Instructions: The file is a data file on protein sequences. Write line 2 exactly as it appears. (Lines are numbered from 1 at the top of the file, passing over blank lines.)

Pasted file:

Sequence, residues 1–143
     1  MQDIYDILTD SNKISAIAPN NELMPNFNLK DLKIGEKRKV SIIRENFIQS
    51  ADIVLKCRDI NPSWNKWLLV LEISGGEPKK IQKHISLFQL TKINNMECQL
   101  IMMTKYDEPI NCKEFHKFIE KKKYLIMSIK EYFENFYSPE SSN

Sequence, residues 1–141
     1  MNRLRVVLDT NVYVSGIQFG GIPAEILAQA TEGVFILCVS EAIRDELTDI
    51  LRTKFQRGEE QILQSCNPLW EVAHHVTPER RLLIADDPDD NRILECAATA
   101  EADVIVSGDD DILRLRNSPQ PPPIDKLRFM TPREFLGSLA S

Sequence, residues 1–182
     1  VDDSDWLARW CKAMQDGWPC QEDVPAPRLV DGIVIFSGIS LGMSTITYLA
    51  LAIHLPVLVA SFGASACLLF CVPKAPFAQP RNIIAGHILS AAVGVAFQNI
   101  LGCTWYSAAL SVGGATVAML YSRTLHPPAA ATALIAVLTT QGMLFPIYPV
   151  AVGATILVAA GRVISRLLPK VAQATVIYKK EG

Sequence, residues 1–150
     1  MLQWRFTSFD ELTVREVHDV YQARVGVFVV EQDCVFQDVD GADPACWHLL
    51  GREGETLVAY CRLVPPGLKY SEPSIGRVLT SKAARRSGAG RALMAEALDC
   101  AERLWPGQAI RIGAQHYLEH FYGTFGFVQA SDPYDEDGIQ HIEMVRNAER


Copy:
     1  MQDIYDILTD SNKISAIAPN NELMPNFNLK DLKIGEKRKV SIIRENFIQS